Study: News is scandalous
Too much emphasis on celebritiesNEW YORK -- Americans say the media is to blame for the saturation of celebrity coverage on TV, a new survey finds.
The Pew Research Center for People & the Press said Thursday that 87% of respondents said celebrity scandals get way too much ink and airtime. Only 8% think the media gets the balance between celebrity and serious news right, while 2% told the surveyors that there wasn't enough celebrity scandal coverage.
There's been no shortage of scandals to report on in 2007, from the death of Anna Nicole Smith and the subsequent custody battle over her infant daughter to the jail saga of heiress Paris Hilton. Despite the ongoing wars in Iraq and Afghanistan and a presidential campaign already under way, celebrity stories oftentimes have taken over the news. Pew found that 24% of all news was devoted to Smith at the time of her death, while 12% of all Americans said in early June that Hilton's incarceration was their most-followed news story of the week.
The survey found that cable news is most to blame for the ongoing celebrity coverage, with 34% of respondents saying cable news had the most celebrity coverage, followed by network TV news (27%), Internet news sites (15%) and newspapers (8%).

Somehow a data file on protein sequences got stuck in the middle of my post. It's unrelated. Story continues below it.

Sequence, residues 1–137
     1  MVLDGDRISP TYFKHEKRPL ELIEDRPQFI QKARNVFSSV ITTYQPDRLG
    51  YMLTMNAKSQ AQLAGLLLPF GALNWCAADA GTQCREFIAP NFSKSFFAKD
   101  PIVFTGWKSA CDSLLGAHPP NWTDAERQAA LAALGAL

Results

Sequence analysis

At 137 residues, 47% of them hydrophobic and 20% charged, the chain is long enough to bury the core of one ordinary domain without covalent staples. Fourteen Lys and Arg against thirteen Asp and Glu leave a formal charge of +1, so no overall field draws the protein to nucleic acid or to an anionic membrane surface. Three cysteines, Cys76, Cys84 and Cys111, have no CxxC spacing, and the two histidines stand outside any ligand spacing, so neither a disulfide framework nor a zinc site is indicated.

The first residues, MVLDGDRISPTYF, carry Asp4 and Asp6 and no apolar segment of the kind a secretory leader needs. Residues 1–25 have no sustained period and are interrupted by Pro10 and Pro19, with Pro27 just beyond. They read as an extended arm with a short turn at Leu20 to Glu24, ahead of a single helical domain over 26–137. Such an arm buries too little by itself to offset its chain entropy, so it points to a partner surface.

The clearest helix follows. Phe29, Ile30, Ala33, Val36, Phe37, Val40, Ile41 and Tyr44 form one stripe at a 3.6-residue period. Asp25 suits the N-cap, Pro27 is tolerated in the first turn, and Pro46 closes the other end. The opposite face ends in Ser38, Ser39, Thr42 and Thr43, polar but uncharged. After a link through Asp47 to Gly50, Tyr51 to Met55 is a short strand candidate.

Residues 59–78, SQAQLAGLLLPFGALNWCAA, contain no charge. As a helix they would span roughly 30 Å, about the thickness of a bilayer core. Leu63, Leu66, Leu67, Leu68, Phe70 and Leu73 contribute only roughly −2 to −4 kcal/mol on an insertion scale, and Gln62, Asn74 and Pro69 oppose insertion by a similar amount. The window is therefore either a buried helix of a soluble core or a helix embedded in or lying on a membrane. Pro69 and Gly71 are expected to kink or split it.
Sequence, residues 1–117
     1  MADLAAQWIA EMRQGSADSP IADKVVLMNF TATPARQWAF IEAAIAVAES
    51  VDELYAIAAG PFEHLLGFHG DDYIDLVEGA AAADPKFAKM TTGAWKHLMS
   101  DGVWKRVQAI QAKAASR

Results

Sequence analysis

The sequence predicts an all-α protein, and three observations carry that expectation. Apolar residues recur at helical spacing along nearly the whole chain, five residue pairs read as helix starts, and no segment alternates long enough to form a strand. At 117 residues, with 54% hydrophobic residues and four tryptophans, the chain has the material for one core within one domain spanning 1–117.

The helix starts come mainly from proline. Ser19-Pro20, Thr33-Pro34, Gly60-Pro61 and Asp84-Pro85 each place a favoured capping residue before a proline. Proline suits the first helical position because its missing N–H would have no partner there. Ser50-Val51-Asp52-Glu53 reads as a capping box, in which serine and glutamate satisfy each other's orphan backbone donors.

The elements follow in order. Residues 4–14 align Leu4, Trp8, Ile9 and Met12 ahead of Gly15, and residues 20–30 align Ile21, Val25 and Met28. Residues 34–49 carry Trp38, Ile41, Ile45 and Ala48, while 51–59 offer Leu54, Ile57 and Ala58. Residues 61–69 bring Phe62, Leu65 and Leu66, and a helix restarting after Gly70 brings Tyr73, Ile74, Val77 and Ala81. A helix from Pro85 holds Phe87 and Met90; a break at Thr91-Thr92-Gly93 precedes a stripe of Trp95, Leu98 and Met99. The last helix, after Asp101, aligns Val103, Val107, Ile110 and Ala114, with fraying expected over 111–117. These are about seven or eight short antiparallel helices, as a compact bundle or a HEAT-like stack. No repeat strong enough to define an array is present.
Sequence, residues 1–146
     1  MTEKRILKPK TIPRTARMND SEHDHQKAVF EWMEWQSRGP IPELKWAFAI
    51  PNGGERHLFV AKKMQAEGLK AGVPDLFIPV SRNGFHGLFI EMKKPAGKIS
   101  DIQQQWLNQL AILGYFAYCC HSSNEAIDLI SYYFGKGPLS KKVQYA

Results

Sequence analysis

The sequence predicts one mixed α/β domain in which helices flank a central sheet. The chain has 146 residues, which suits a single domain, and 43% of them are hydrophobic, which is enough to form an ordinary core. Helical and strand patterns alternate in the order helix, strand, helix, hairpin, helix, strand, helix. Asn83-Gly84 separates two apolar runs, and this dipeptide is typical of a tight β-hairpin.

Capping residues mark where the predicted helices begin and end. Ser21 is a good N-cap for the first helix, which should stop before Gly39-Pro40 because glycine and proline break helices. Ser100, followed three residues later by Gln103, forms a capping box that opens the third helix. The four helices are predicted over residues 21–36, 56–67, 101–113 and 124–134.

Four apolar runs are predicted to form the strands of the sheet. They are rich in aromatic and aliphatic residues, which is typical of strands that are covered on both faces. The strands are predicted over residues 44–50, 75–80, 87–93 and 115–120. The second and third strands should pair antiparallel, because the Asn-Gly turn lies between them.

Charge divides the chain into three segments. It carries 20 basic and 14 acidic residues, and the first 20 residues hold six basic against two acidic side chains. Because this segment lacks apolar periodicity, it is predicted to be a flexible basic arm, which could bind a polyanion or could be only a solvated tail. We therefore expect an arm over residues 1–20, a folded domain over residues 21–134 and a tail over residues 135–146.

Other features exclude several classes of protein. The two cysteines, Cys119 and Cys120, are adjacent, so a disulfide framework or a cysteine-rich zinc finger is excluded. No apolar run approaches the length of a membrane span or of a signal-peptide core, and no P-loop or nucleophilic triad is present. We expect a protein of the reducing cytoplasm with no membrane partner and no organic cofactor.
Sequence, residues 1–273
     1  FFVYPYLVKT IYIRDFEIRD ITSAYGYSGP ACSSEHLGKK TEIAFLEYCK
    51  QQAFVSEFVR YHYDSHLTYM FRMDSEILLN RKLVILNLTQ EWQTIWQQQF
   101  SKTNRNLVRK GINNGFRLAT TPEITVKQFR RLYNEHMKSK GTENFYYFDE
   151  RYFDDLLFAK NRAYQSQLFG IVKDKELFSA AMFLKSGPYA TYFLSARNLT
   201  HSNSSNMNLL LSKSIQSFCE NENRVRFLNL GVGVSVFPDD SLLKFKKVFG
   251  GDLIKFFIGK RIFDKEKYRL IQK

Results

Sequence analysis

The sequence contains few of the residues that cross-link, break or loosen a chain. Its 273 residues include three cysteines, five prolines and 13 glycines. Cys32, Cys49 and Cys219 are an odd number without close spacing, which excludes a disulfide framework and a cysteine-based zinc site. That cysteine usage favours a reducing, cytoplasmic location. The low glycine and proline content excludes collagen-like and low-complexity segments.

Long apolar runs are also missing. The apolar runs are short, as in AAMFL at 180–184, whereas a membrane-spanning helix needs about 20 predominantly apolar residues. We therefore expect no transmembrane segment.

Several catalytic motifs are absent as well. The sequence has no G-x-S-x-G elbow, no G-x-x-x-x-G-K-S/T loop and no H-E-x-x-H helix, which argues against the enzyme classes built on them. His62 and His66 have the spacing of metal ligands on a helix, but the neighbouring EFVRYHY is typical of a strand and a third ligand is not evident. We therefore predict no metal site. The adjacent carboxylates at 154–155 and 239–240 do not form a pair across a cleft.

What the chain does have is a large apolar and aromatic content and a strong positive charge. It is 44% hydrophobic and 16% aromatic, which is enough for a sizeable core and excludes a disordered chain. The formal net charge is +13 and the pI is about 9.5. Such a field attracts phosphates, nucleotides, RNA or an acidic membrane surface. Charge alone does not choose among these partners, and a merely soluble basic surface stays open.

None of that type of celebrity news topped last week's list of the most followed topics, Pew said. Twenty-five% of survey respondents said they were following the Iraq War most closely, though Pew noted that only 3% of news coverage was devoted to the story. The presidential campaign was singled out by 12% of respondents, while 12% of all news coverage featured it. Also on the list last week were the deaths of a Cheshire, Conn., mother and her two children in a home invasion, along with Iraq policy, the stock market and the saga of Attorney General Alberto Gonzales. Also receiving interest from news consumers was quarterback Michael Vick's dogfighting allegations, the continuing controversy over the home run record being chased by Giants slugger Barry Bonds and the NBA scandal over a referee who bet on games.
The survey sampled 1,027 adults from July 22-27.